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Dons set e-learning standards for schools and universities

For years now, computer scientists have repeatedly stressed that the technology to improve learning exists in all forms. From computer sets to improved software to online forms of communication, the technology has evolved to improve how learners are taught their information.

MOSES TALEMWA set out to find out why the improved technology has not changed teaching outcomes. Last month, the district education officer in Wakiso, Frederick Kinobe Kiyingi, issued a directive calling for the banning of mobile phones in schools. However, the directive has irritated several experts in e-learning.

Kiyingi specifically warned teachers, who spend much of the official teaching hours on WhatsApp as well as surfing the internet, that they run the risk of being fired from work.  

“There is time for everything…. the time for WhatsApp and surfing internet as well as time for teaching pupils,” Kinobe advised, as he set up a taskforce to end the vice.

“Government and parents pay teachers to teach their children, not to indulge in WhatsApp and surfing the internet.”

However, Kiyingi’s view is not necessarily well appreciated among experts on e-learning. One of them, Dr Paul Birevu Muyinda, the dean of the school of Distance and Lifelong Learning at Makerere University believes that Kiyingi has failed to appreciate how smart phones benefits education.

Education Minister Jessica Alupo inspecting pupils in a computer lab at Nakasero PS. Initiatives at e-learning remain a challenge in the sector

Dr Muyinda, an e-learning expert, argues that Kiyingi’s attitude is typical in the civil service, and is behind the challenges in effecting modern teaching methods in schools.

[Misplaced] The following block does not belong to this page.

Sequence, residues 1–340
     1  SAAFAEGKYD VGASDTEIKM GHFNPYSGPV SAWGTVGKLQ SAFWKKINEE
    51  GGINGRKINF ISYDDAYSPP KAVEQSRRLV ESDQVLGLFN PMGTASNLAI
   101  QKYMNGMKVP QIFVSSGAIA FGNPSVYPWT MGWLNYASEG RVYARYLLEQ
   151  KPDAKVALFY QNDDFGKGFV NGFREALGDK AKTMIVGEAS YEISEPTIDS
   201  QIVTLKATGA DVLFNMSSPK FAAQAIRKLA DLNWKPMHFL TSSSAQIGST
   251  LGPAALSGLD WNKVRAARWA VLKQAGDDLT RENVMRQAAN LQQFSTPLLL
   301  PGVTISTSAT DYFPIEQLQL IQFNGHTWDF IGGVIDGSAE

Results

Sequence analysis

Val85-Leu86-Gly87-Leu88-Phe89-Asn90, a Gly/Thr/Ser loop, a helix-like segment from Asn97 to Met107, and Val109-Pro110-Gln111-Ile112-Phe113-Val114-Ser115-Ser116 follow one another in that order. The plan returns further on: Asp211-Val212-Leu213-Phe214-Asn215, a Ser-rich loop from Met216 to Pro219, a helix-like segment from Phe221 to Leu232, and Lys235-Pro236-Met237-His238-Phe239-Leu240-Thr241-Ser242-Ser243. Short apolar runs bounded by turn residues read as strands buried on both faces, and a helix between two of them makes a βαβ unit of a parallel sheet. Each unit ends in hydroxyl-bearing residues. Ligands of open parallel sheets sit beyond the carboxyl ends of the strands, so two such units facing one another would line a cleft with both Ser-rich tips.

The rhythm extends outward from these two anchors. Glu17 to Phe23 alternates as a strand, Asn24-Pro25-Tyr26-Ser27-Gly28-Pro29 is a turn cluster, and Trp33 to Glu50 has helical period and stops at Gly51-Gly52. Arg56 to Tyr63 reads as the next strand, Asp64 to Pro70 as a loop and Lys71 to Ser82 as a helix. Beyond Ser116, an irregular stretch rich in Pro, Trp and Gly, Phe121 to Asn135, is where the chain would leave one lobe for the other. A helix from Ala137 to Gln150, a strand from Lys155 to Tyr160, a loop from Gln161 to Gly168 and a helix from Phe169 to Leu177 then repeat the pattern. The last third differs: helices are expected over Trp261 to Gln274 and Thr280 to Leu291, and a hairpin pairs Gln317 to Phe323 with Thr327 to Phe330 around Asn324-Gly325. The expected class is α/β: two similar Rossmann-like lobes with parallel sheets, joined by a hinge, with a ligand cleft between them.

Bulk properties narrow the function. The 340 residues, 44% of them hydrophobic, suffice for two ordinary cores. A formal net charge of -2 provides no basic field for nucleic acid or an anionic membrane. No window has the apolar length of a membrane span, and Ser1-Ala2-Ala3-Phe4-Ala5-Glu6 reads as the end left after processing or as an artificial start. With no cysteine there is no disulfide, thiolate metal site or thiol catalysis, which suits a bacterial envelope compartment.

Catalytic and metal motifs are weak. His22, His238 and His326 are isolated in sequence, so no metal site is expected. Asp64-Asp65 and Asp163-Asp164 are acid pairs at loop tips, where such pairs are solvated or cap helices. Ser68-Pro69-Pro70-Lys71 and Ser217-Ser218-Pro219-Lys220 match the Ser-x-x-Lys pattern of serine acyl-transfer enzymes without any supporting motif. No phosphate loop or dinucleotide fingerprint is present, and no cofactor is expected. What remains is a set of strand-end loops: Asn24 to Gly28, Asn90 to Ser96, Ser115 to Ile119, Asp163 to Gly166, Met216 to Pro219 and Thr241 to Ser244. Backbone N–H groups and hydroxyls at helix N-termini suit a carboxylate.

“Most civil servants are comfortable with the traditional system of teaching, mostly using the blackboard, which is why teachers see no need to innovate and make learning easier,” Muyinda said.

“We need policymakers to be convinced that integrating IT resources will improve learning in the long run.”


Muyinda argues that most teachers are not IT-savvy, but even those are easily discouraged from using this knowledge in their teaching.

“Many teachers ask themselves why they should struggle to put up a powerpoint presentation for students if they are not going to be appreciated for it – yet it takes a lot of their time to prepare,” he adds.

He believes that this argument also prevents those without the knowledge from seeking it, thinking that if the traditional systems have worked well, there is no need to change.

“These teachers know that they have always gotten away with dictating notes to their students in the same way for a long time; so, there is no need for one to consider e-mailing the notes and reserving vital class time for discussion of the subject matter.”

At Kampala International University (KIU), the deputy vice chancellor for Research Innovation and Extension, Dr George Nasinyama, agrees.

“The future of learning in Uganda is not where a teacher stands in front of the blackboard, holds a piece of chalk and dictates to learners what they must know. The future is online,” Dr Nasinyama adds.

He cites KIU’s experience where changes in learning are already taking shape. The university is installing most of its learning modules (courses) onto an internet portal, to make them accessible to learners and reserve lecture room interactions between students and lecturers for discussion of already-studied material.